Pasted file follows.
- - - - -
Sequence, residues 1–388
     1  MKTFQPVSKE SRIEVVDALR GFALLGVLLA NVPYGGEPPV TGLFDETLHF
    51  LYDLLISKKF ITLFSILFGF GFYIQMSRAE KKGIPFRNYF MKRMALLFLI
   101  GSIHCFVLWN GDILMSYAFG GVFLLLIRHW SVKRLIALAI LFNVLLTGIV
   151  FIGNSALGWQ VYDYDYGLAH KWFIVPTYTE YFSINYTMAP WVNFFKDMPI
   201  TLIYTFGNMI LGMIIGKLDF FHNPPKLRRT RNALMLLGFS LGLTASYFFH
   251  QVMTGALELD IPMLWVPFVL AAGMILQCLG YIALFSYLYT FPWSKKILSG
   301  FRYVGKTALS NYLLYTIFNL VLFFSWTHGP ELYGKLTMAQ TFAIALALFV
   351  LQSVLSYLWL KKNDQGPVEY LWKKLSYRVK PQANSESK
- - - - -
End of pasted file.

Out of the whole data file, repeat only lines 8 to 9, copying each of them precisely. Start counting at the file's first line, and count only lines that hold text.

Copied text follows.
   301  FRYVGKTALS NYLLYTIFNL VLFFSWTHGP ELYGKLTMAQ TFAIALALFV
   351  LQSVLSYLWL KKNDQGPVEY LWKKLSYRVK PQANSESK